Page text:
top of page
Business District

CMC Insights

Spotlight on controls: Account Ownership

One of the most powerful separation of duties controls to confirm that accounts have been prepared correctly is Account Ownership. Account Ownership is a control which gives the Accounting Officer, the person who is responsible for the Annual Accounts, the ability to confirm that all balances are reconciled and supported by appropriate evidence. The owner is then responsible for implementing a process to confirm that the balance is correct.

There are three components to implementing a strong Account Ownership Control:

  • A policy assigning account ownership roles and standards,

  • A process to reconcile accounts back to their source documentation, and

  • Monitoring to confirm that all accounts have been approved.

The Account Ownership Policy

The Account Ownership Policy sets out who owns each account, the frequency that each account should be reconciled, and the materiality threshold for when an account is materially misstated. It needs to assign a minimum of two roles:

  • An owner who is responsible for confirming the balance is correct, and

  • A reconciler who prepares a reconciliation between the actual balance in the account and the source.

These two roles provide effective separation of duties in confirming the accounts balance. The account's reconciler prepares the evidence and confirms that the balance in the account is correct. If there are any differences, they will itemize them and arrange for their resolution. This mitigates risks related to valuation, occurrence, and authorization. The owner is responsible for confirming that the process has been performed correctly and signs off that the risks have been effectively mitigated.

An account ownership policy also sets the frequency of reconciliation. Some accounts, such as cash or bank accounts, should be reconciled daily to mitigate operational risks related to theft and fraud. Other accounts, such as long-term liabilities and equity, may only require quarterly or half-yearly review because they are only prepared at the time of filings or external reporting.

The policy should also set a materiality threshold. This can help reduce the manual effort in managing the accounts, and the workload on financial controllers. From a financial control perspective, only those accounts which would materially misstated the financial statements will require correction. The main exception is cash and bank which should not have any differences.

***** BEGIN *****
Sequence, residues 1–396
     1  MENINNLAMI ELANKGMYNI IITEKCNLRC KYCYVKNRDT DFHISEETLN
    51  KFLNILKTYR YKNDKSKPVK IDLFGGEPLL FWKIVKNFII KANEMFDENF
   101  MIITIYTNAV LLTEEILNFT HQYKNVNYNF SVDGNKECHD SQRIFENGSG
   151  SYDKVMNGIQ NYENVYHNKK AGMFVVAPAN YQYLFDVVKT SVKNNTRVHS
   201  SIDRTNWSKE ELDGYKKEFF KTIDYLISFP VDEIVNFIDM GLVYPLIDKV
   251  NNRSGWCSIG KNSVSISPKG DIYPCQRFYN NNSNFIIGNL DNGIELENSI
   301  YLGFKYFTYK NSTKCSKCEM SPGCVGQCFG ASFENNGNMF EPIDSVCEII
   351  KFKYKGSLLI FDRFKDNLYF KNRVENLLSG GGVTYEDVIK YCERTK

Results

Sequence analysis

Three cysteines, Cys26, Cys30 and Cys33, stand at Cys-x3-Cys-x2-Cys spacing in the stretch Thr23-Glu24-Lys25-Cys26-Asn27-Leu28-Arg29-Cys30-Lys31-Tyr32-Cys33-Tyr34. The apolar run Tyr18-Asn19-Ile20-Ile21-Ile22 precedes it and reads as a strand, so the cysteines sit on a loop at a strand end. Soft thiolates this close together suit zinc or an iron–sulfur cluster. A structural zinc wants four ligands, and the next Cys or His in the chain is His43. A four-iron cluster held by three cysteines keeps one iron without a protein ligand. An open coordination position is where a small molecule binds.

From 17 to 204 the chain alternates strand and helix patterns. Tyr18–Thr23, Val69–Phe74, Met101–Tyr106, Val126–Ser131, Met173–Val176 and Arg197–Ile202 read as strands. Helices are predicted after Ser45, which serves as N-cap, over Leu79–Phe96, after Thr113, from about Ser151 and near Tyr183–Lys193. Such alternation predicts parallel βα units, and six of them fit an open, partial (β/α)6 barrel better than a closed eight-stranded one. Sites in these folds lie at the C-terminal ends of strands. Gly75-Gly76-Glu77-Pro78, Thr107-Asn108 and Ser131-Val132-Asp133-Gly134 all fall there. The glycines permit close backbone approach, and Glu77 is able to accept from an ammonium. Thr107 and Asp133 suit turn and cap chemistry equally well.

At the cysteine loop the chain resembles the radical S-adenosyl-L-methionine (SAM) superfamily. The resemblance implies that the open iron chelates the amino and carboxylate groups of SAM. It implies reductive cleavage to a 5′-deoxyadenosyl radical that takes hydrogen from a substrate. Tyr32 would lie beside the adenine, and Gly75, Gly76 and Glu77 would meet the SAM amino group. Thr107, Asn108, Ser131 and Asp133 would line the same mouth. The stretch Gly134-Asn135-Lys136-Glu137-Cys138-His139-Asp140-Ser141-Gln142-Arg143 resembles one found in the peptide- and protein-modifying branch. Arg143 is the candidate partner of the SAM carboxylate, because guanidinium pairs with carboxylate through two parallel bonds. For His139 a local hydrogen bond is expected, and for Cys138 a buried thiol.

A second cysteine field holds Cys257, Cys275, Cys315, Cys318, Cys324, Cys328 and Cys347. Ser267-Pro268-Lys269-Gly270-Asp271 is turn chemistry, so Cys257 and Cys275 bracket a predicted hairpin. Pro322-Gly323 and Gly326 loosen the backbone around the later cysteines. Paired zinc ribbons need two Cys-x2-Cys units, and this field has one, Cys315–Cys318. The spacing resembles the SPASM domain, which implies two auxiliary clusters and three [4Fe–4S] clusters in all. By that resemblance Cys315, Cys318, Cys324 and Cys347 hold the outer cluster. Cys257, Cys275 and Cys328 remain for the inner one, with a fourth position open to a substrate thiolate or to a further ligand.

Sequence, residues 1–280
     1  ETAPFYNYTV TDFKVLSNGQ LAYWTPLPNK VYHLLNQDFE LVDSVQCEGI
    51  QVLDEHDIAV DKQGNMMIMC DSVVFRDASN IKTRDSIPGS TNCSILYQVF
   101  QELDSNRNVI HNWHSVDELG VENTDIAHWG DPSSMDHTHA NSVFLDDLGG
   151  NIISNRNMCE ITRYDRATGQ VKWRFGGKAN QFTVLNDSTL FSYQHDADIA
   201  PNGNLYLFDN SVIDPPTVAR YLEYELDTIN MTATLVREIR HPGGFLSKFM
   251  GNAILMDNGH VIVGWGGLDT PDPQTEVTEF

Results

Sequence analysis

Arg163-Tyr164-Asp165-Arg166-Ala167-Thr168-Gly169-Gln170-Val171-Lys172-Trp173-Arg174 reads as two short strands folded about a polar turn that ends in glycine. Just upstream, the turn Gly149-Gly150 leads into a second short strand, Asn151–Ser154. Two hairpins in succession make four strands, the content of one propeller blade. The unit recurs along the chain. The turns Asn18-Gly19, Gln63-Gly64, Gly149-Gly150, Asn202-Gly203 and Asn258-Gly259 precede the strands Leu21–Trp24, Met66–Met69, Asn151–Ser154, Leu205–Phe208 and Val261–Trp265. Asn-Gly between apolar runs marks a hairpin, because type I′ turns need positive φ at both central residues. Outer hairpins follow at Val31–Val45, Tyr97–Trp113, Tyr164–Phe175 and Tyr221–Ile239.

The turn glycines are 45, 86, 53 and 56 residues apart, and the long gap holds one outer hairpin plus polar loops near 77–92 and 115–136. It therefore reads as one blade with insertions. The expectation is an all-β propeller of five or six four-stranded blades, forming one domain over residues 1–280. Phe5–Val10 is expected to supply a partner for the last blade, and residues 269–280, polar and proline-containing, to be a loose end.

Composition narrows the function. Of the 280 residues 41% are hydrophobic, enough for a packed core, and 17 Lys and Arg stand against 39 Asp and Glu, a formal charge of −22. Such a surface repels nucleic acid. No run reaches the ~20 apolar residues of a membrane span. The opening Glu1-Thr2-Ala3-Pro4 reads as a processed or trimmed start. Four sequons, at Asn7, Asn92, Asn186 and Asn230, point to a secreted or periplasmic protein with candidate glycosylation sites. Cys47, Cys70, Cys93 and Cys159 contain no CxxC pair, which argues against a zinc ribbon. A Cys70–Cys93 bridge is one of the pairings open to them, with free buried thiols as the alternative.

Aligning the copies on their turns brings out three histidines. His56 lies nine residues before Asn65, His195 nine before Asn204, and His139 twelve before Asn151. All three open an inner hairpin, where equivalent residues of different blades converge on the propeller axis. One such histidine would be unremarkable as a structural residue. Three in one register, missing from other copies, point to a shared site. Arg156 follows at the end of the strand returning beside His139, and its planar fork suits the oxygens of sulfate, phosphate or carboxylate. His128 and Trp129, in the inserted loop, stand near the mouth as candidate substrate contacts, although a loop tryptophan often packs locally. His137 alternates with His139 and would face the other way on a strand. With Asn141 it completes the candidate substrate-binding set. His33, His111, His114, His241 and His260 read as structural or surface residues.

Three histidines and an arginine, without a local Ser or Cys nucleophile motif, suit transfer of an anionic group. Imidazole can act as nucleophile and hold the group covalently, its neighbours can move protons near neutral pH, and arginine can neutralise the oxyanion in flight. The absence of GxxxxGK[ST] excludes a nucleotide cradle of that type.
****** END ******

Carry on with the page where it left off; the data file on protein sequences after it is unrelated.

The Chief Financial Officer should approve the policy which provides management tone, a COSO requirement.

Process: Preparing the reconciliation

Each control must have a defined process, and the process which supports account ownership is called is called Reconciliation. Each reconciliation should be divided into three sections:

  • The actual balance which has been posted into the ledger. This is taken directly from the accounting system.

  • An expected balance which is taken from the source documents.

  • The reconciling items should be listed which explain why the actual balance is not the expected balance.

This then should bring the final reconciliation to zero. If the reconciling items are material to the overall balance and would cause a user to misunderstand the accounts, an adjustment should be made to correct the balance.

The main challenge to successful reconciliation is correctly identifying the source. There may be several systems which are used to process transactions, and within each there could be errors. If reconciliations are not implemented between each transfer of data, the final accounts preparation may be misstated because there were reconciling items not identified. It is the responsibility of the account owner to ensure that all items have been fully reconciled.


A strong control environment includes monitoring. The monitoring activity is a member of senior management, usually the CFO or a Director who is above the account owners, confirming that all accounts have been approved. The CFO should circulate a list of unapproved accounts and request that they be signed off immediately. Additionally, a Risk and Compliance Manager, or other second line of defense role, should sample individual reconciliations to confirm they have been prepared correctly, account for all in-scope transactions, and were appropriately signed off.

Preparing these controls is complex and requires a full understanding of the accounting required for each account, an account ownership policy must be implemented, and staff must be training. Advancing to IPO is an expert in designing controls and implementing them. If your company does not have an effective account ownership process, contact us today for a free consultation.


Recent Posts

See All


bottom of page